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This Is The Afro-Semitic Experience, well maybe and I then ask where do you file it? Jazz? Jewish music? Or perhaps Gospel/Klezmer/Nigunim/Spiritual/Swing? I prefer under Duke Ellington’s good music/bad music categorization.
This project of bassist David Chevan and pianist Warren Byrd brings together the musical traditions of Jewish-Americans and African-Americans to create a sacred music that would be to Mr. Ellington’s liking. Chevan and Byrd have collaborated before along these lines on the 2000 duo Let Us Break Bread Together: Further Explorations of the Afro-Semitic Experience (Reckless DC Music). This recording is an expansion into the nine-piece Afro-Semitic Experience band.
Chevan and Byrd’s music is more Mingus than Masada, more Rahsaan Roland Kirk than Klezmer. Like the aforementioned Mingus and Kirk, their music (certainly “jazz,” if anyone will allow me to use that word) is more than the sum of its parts.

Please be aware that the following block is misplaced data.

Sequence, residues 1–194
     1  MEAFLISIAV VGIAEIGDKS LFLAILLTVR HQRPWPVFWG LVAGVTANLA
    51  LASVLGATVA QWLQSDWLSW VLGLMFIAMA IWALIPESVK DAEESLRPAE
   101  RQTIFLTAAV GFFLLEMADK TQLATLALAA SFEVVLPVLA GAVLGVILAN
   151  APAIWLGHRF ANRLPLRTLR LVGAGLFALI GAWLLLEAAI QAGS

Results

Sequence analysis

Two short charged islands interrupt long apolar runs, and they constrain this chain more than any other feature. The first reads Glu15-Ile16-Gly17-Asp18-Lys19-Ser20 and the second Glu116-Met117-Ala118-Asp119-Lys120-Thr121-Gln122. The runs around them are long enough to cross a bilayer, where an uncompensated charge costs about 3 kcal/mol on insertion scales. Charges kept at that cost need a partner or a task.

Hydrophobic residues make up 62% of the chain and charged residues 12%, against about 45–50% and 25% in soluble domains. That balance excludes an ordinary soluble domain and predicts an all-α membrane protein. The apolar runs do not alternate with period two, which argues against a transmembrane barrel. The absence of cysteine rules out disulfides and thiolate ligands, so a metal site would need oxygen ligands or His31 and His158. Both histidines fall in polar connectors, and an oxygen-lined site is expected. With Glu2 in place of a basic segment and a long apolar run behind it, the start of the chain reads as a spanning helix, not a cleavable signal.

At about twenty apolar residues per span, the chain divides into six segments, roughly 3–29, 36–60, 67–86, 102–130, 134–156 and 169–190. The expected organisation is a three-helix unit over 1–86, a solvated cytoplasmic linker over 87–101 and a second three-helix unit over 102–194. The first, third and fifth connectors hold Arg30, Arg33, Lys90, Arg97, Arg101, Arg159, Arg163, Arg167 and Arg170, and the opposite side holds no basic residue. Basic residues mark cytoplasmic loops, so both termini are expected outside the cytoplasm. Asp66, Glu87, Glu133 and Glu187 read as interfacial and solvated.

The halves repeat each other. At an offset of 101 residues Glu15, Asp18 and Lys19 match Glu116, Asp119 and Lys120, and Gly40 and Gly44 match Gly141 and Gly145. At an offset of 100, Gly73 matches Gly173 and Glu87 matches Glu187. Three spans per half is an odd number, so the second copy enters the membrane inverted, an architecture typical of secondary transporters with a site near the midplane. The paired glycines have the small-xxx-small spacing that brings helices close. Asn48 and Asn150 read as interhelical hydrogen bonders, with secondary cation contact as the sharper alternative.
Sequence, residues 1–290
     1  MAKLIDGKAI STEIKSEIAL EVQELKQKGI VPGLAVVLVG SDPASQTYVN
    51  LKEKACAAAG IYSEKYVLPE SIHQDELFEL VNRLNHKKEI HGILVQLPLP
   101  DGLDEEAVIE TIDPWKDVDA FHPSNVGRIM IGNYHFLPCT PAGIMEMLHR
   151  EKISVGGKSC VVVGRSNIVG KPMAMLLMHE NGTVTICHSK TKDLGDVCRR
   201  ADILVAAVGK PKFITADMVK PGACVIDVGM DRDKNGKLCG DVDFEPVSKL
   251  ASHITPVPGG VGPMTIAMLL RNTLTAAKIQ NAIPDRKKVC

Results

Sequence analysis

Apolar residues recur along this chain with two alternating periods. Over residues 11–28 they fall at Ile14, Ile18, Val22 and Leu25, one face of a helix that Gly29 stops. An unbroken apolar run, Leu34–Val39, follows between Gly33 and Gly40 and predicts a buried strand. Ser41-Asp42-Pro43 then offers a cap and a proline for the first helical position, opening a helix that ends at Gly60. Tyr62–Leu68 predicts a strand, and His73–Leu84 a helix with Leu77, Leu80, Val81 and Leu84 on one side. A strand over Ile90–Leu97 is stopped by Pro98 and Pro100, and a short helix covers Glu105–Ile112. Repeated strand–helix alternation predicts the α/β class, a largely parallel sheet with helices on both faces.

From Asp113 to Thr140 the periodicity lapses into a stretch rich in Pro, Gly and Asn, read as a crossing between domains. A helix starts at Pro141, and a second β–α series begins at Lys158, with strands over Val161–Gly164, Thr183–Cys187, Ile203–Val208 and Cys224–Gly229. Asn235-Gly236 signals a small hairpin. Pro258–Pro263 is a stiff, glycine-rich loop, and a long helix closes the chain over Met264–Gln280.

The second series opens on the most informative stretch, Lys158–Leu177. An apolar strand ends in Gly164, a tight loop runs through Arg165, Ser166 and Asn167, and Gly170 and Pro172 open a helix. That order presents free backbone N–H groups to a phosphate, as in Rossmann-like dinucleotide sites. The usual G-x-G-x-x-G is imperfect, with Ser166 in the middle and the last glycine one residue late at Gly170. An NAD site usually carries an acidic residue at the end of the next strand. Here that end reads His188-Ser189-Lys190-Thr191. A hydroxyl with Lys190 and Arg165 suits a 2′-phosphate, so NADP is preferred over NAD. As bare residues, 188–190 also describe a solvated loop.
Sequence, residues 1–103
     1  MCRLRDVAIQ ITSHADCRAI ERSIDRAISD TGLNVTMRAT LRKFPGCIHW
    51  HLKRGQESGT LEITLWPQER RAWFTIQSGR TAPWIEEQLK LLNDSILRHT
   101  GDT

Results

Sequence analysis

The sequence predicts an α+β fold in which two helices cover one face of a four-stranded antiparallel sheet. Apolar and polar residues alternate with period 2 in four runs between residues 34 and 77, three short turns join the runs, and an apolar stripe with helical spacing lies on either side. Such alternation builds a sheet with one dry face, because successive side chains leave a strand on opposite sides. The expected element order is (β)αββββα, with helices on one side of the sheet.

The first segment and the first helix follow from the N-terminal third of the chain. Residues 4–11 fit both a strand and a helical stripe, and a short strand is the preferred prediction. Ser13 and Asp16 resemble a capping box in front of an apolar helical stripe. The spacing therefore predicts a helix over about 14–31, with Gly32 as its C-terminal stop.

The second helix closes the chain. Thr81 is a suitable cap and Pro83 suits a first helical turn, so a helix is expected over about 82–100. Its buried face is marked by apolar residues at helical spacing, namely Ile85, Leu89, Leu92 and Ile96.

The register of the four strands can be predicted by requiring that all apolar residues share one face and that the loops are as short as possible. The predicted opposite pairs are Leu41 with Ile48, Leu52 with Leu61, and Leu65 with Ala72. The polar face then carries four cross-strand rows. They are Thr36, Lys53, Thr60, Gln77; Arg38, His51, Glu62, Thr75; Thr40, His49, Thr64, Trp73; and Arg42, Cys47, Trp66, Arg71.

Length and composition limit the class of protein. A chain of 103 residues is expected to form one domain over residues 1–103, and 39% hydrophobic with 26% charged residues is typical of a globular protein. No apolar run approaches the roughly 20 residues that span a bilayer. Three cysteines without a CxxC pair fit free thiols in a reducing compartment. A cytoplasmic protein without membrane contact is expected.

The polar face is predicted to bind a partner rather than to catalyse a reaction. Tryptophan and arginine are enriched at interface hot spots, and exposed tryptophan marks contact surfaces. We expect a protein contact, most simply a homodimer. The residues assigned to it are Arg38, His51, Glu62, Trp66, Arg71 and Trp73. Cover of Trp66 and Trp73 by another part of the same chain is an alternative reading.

The recording opens with the traditional Jewish song “Eliyahu HaNavi” from the 11th century. Could have fooled me, it recalls the Mingus/Booker Ervin band of the early 1960s, as does much of the music heard herein. That’s because these cats are playing American folk music from an African and Jewish diaspora perspective. They confirm it with a healthy rendition of Mingus’ “Better Git Hit In Your Soul” and Abdullah Ibrahim’s “Water From An Ancient Well.” The blues are ever present here especially on the Jewish ritual song “Tashlikh.” The band takes up a bit of Arabic sound on “Sha Shtil” and slide guitarist Stacy Phillips is heard throughout tossing in a dash of Texas swing. The band’s take on a Jamaican traditional piece “Waters Of Babylon” features a bluegrass dobro sound. Certainly a crowd pleaser, but I ask again, where do you file this in the record shop?
Track Listing: Eliyahu HaNavi; Tashlikh; Sha Shtil; Better Git Hit In Your Soul; Nefesh; Aalafiyal/Shir LaShalom; Water From An Ancient Well; Water Of Babylon.
I love jazz because anything is possible; it has few rules and the best jazz breaks those ones. I prefer free improv because it doesn't really have any rules at all.
I was first exposed to jazz in my teens (in the late sixties).
The first jazz record I bought was Filles de Kilimanjaro by Miles Davis, shortly followed by Extrapolation by John McLaughlin.
My advice to new listeners is to listen as widely as possible and not to make snap judgments--stick with it.